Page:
7.5 Things You Must Know About OT Cybersecurity

In cybersecurity, there are two worlds. There’s IT or information technology, with its databases and business systems. And there’s OT or operational technology, with its consumer, medical, industrial, and other equipment. OT can be light years away in looks, functionality, and behavior from IT’s office servers, PCs and mobile computing devices. So, if you’re starting to work on OT cybersecurity, you may be in for a few surprises. Here are seven (and-a-half) things to know to help you get it right.

1. Glorious isolation.
In the past, there was not much need for OT installations or machines to be connected to the external world. Internal industrial or hospital networks existed, but often with no link to the outside. And therefore, no protection when connectivity started to become important.

2. A culture of reliability, more than confidentiality.
Staff working with OT installations may be obsessed with the equipment working properly, while paying little or no attention to security (see ‘Glorious isolation’, above). People are critically important in any security setup. Be prepared to educate as needed.

3. Hard-coded security data.
Devices connecting to the Internet of Things (IoT) often have a poor reputation, when it comes to access protection. Many of them only have a fixed ID and password, often printed for all to see in the device manual. Manufacturers are slowly improving but be watch out.

4. Delicate timing mechanisms.
OT is all about the real world, where moving parts and operations must synchronize precisely. Trying to bolt on cybersecurity software or hardware may introduce delays that wreck these timing mechanisms. In some contexts, such as critical patient care, the consequences could even be fatal.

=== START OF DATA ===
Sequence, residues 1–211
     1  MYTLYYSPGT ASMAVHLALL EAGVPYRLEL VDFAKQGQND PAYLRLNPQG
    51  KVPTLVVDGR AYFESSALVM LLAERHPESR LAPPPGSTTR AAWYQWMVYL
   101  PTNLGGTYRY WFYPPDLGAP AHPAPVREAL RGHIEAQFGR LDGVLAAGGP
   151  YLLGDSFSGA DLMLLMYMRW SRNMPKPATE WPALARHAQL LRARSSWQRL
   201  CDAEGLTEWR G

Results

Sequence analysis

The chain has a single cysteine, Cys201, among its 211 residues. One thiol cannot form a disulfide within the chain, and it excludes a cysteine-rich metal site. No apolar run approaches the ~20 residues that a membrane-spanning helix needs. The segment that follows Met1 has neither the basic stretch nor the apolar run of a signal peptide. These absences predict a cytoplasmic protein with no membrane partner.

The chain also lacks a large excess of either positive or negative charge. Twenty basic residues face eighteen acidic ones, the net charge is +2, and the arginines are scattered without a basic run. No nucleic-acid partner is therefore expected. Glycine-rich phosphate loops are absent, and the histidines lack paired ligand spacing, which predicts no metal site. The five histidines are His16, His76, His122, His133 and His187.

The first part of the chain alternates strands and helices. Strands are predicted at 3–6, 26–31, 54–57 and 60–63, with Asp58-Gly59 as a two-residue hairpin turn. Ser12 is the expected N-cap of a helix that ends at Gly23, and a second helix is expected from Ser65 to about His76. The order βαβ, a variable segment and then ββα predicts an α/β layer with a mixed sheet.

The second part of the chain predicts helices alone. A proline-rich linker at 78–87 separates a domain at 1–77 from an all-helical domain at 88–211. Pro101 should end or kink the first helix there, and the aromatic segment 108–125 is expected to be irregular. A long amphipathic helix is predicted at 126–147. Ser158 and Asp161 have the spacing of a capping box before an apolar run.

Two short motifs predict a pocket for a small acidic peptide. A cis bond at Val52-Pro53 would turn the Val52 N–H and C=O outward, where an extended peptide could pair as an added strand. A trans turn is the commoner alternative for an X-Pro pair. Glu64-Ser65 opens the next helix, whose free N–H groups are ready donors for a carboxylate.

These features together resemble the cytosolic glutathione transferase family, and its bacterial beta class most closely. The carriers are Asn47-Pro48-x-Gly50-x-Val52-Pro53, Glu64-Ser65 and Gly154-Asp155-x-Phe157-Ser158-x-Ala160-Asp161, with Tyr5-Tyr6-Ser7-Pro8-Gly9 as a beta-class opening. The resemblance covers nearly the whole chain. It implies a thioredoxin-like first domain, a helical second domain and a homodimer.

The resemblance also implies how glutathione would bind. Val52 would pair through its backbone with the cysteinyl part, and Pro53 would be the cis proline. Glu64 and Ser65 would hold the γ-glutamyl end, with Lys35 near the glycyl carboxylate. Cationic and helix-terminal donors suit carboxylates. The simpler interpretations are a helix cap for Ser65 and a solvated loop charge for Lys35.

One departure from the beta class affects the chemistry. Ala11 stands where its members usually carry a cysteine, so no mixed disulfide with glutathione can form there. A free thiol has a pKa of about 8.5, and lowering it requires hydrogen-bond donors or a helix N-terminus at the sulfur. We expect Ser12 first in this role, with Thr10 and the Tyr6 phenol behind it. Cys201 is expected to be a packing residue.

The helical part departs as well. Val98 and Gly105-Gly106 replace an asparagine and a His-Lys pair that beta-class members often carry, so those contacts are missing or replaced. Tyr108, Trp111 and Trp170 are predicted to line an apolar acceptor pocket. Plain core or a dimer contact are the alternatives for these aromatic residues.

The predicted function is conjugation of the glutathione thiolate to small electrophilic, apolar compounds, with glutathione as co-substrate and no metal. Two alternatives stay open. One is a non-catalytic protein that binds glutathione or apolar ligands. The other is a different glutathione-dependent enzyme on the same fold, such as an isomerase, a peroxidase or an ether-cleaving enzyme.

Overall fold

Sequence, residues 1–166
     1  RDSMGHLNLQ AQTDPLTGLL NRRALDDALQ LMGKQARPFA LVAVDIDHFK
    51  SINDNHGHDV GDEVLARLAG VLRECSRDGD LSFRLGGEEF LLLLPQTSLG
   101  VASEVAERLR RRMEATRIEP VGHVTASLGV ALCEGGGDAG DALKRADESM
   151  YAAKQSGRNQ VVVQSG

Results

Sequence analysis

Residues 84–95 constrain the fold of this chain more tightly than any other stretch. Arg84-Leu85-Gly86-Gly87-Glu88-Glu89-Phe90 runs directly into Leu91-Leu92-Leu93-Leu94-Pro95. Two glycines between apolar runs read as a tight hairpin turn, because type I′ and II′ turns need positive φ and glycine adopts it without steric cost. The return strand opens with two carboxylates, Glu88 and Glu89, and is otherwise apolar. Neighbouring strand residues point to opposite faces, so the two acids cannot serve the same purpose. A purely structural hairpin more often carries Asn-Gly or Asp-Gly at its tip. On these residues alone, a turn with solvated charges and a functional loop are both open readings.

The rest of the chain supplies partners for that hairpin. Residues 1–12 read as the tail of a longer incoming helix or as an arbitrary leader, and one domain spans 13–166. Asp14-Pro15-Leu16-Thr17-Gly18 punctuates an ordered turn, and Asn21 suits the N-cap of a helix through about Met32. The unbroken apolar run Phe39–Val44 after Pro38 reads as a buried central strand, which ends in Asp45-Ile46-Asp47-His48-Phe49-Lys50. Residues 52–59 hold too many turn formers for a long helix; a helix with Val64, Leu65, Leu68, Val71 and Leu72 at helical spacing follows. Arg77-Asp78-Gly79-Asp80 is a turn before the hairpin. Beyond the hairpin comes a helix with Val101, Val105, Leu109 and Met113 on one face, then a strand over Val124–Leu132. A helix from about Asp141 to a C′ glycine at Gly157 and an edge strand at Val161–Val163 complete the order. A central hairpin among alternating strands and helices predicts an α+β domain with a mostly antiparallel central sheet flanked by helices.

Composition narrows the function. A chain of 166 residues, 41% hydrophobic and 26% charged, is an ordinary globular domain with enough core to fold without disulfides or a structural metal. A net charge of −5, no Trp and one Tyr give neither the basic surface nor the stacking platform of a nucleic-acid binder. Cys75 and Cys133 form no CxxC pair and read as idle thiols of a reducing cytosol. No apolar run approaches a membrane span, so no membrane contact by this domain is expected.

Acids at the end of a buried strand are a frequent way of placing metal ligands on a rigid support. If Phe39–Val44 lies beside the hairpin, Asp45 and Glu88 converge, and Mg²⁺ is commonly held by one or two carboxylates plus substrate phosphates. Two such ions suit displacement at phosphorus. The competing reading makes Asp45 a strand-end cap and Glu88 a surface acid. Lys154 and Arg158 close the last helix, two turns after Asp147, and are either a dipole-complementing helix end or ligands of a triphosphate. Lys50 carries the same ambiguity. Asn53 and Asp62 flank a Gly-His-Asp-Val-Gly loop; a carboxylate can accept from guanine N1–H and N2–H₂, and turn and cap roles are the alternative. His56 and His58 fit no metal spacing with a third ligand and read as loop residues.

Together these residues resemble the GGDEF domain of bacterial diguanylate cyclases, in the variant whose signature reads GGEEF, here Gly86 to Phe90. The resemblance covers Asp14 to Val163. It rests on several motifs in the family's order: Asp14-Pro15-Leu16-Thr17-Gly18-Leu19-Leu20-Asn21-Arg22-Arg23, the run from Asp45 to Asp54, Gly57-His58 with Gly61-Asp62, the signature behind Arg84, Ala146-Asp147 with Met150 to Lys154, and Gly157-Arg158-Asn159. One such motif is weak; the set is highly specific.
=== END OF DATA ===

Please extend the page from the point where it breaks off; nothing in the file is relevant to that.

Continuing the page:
5. Unprotected protocols.
On the web many consumers know how important secure connections are, for instance when making online payments. However, in the OT world, secure network protocols may be few and far between. In fact, some widely used industrial protocols have little or no security.

6. ‘If it ain’t broke, don’t fix it’.
There’s a reason why there is often so much older equipment in OT installations: it works. Trying to upgrade the software of an OT system, even to improve security, can be painful. This is especially true when it is connected to other systems from other vendors (which is frequently the case).

7. Cyber-physical attacks.
It’s bad enough having confidential data stolen or damaged. However, in an OT installation, attackers might also shut down life support systems, stop heating and lighting from functioning, wreck production lines, open dam gates, and much, much more. Remember to factor this into your OT cybersecurity plan.

The good news is that with the right approach, you can eliminate or sufficiently mitigate the issues above. Now, here’s our remaining half-a-thing-to-know. While your OT machines and IoT devices may appear to be functioning properly and doing their job for you, they may have been infected by malware that makes them attack other systems. There have been high-profile cases recently like the Dyn cyberattack in which ‘hijacked’ IoT devices were used massively to bring the target system down. So, don’t delay – Use the information above to start putting your OT cybersecurity in order today.